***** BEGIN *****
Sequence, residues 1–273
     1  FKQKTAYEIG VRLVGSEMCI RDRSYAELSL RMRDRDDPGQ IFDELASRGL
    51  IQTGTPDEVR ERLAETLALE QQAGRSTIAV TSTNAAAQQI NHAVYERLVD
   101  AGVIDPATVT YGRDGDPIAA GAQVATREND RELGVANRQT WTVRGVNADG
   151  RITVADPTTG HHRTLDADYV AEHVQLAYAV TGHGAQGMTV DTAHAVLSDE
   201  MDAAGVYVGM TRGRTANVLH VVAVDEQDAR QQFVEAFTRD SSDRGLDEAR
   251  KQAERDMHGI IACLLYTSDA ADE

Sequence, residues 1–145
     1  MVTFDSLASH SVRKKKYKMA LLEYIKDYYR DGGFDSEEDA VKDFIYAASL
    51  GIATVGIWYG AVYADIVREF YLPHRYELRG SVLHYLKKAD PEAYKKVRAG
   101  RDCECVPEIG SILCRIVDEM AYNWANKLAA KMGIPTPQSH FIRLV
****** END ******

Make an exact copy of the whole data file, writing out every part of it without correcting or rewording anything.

Sequence, residues 1–273
     1  FKQKTAYEIG VRLVGSEMCI RDRSYAELSL RMRDRDDPGQ IFDELASRGL
    51  IQTGTPDEVR ERLAETLALE QQAGRSTIAV TSTNAAAQQI NHAVYERLVD
   101  AGVIDPATVT YGRDGDPIAA GAQVATREND RELGVANRQT WTVRGVNADG
   151  RITVADPTTG HHRTLDADYV AEHVQLAYAV TGHGAQGMTV DTAHAVLSDE
   201  MDAAGVYVGM TRGRTANVLH VVAVDEQDAR QQFVEAFTRD SSDRGLDEAR
   251  KQAERDMHGI IACLLYTSDA ADE

Sequence, residues 1–145
     1  MVTFDSLASH SVRKKKYKMA LLEYIKDYYR DGGFDSEEDA VKDFIYAASL
    51  GIATVGIWYG AVYADIVREF YLPHRYELRG SVLHYLKKAD PEAYKKVRAG
   101  RDCECVPEIG SILCRIVDEM AYNWANKLAA KMGIPTPQSH FIRLV